Monday, September 3, 2012

The Last Unicorn, by Peter S. Beagle

First published in 1968

The Last Unicorn is one of my absolutely favourite books. I think Peter S. Beagle is one of the finest writers around – an absolute master of beautiful language, unique characters, imagination, warmth, humour and magical storytelling. He is one of those writers who can sum up grand emotion in a succinct, unique line. If you love fantasy and children’s books, then Beagle is an author who must be read. He has many fine stories – but my favourite is the very gorgeous The Last Unicorn.

I have a journal where I keep passages or lines from books that I think are particularly fine or moving – those lines that give you shivers – and The Last Unicorn features prominently in it. What he does best is write lines that illustrate loneliness and confusion; that really reach down into those emotions we keep embedded and tease them out of us. But these lines are never sappy or trying to be quote-worthy – they are often whimsical and silly and simple, but the resonance sweeps through all the pages. Beagle understands mortality, and people’s fears, and the many different guises with which they hide them. I love how he shows us the cracks in all his characters – he does it with such profound beauty and understanding.

The Last Unicorn may read like a fairytale – it has a princess and a prince; it has a quest and adventures through all the hidden parts of the world; it has a baddie and a beast, and it has secrets and a wicked adversary who is as evil as they come. Even just as this, it is a great story. But it is also very clever, and Beagle uses a tone that makes fun of it all but never snarkily, always with affection. There is a great sensitivity woven through all the pages and a sense of fun that subverts the genre even as it faithfully follows all the tropes.

One of the greatest things which keep The Last Unicorn rollicking along is that it is genuinely funny. The characters; the situations they find themselves in; the double-crosses; the human folly; the fabulous one-liners that flow so effortlessly. The pure, dazzling silliness of it all. My particular favourites are the talking skull and the magician Schmendrick when he is called upon to get himself out of a sticky situation or is making fun of everyone around him. His wit is legendary.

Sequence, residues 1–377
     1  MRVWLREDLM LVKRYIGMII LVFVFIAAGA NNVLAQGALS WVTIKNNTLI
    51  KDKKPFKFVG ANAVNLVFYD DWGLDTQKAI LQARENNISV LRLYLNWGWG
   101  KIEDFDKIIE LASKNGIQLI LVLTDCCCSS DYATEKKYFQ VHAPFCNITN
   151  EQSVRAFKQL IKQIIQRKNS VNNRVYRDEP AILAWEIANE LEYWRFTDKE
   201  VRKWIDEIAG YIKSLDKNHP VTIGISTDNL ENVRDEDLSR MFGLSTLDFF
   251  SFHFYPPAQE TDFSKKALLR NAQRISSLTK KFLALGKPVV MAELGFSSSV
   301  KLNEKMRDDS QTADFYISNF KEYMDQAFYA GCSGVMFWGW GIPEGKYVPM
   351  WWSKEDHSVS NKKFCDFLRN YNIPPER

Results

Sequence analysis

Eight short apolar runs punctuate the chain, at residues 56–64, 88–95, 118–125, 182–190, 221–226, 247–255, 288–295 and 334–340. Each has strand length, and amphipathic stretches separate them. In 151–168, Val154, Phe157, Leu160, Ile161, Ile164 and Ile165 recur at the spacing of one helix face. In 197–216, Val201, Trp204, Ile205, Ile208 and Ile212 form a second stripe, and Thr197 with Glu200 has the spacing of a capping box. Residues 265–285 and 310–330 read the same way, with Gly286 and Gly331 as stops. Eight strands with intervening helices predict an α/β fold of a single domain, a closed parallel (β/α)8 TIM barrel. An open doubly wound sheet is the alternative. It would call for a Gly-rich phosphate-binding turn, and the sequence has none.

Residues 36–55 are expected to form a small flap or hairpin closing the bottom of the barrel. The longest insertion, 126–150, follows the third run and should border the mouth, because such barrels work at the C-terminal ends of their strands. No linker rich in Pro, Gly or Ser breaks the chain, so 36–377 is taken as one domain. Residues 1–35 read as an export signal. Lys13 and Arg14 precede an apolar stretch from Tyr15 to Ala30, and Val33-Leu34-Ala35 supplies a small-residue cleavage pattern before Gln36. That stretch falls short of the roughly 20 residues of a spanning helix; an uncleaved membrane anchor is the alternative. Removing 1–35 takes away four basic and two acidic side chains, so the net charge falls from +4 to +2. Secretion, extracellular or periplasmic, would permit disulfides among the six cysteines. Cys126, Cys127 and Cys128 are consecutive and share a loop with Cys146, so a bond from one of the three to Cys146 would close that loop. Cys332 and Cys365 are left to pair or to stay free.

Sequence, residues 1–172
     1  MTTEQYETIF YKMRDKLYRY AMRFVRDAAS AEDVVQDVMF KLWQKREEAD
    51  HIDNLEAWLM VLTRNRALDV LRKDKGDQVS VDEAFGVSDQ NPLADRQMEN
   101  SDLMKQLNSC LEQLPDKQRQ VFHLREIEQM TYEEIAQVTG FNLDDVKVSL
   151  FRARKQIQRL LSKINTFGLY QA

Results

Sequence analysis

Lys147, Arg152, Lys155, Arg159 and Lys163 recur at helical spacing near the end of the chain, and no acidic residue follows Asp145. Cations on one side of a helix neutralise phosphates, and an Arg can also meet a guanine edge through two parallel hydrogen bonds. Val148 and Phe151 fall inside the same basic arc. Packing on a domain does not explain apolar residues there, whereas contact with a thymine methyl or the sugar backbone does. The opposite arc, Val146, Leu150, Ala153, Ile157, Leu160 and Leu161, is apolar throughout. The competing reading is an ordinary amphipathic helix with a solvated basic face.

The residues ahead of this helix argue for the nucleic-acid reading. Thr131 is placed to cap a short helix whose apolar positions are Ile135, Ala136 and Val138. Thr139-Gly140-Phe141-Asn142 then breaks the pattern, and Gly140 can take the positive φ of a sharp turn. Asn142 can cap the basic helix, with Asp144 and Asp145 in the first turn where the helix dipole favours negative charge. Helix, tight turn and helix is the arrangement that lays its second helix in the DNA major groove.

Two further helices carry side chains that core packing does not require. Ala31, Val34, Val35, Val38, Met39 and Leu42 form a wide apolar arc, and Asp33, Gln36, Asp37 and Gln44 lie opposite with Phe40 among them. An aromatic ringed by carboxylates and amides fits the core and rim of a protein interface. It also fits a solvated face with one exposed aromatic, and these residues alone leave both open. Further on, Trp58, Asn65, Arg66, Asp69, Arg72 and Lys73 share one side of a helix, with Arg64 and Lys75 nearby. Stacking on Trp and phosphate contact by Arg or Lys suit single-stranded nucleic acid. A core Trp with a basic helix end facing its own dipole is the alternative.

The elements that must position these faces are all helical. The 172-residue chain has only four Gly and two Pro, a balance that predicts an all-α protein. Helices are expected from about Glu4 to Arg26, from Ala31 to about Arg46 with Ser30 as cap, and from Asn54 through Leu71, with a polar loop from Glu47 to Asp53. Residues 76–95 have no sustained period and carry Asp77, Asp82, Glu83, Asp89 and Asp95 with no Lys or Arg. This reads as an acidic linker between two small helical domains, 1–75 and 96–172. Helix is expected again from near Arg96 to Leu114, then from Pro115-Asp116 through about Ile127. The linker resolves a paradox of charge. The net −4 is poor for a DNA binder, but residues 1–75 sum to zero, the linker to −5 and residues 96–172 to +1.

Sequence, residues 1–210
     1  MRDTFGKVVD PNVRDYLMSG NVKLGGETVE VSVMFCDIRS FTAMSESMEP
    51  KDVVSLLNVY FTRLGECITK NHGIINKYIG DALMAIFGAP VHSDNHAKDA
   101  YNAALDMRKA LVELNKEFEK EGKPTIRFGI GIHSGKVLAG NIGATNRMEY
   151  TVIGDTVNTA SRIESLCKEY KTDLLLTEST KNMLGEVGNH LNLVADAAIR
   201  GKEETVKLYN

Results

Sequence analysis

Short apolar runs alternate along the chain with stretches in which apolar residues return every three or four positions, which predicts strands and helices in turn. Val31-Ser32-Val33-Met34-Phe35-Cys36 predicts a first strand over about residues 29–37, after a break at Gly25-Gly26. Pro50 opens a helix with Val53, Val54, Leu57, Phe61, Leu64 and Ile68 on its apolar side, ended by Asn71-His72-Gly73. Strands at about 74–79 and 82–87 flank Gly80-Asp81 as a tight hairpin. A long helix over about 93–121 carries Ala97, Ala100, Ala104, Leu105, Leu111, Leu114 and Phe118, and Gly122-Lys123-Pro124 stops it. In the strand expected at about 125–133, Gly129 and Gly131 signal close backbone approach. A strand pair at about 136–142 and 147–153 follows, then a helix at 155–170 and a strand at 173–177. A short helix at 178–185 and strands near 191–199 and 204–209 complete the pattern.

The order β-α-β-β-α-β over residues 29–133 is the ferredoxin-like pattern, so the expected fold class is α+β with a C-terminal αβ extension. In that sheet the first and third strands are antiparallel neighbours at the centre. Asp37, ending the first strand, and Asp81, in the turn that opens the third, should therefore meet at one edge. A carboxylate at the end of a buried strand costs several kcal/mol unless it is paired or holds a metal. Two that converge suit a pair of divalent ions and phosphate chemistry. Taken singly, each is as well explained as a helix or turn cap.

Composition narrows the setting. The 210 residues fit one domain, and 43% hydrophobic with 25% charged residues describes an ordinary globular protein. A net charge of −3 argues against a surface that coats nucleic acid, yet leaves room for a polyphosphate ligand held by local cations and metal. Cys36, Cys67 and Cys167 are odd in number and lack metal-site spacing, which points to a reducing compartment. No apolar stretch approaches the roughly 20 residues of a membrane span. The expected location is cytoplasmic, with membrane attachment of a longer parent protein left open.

Which leads us to the characters in The Last Unicorn. They are all fabulous; nuanced; believable; entertaining; empathetic. I love the Unicorn and her motley crew – the lonely, sarcastic, jealous magician Schmendrick who cares too much; the bitter, no-nonsense Molly Grue with a heart of gold, and later, Prince Lir who believably and heart-breakingly emerges from a soft fool into a noble, hardened prince. The Unicorn herself, who is so brave and beautiful – but, for all her power, as full of doubts and weaknesses as her human companions.

But it doesn’t stop there. The baddies – most notably King Haggard and Mommy Fortuna – are glorious, complex characters who spit bitterness and hate but who, through a simple line from Beagle, reveal the fears and the insecurities that drive them to be so. And then all the other characters who float in and out of the pages – the talking cat, Captain Cully and Jack Jingly, the royal magician Mabruk, to name a few – are colourful, humorous creations, written with real warmth and imagination.

Imagination is where The Last Unicorn really wins for me. It is a wonderful concept in itself – being the last of your kind. The loneliness, the responsibility, the sadness in such an idea – I find this fascinating (which also tells me probably why I like Doctor Who so much – oh the adventures he has, but always and only ever, by himself). Everything that Beagle fills the pages with after this particular idea is just a bonus. The whole book just feels so graceful and enchanting – the kind of magic that you can’t shake off.

And really, it comes down to Beagle – his writing, his style. Read one of the first scenes between the Unicorn and a stray butterfly and you will understand something of his power. In this scene he uses words and ideas and emotions and weaves them together all so seamlessly, so powerfully, in the form of an erratic, dying butterfly. Brilliant. His writing is beautiful and effortless, and this, above all, is what makes The Last Unicorn such a triumphant children’s classic.

Previous entries, my fav Children's Books:

Number 20:  Peter Pan by J. M. Barrie

Number 19:  The Neverending Story by Michael Ende

Number 18:  Tuck Everlasting by Natalie Babbitt

Number 17:  The Toymaker by Jeremy de Quidt

Number 16: The Thirteen Clocks by James Thurber

Number 15: The Scarecrows by Robert Westall

Number 14: Watership Down by Richard Adams

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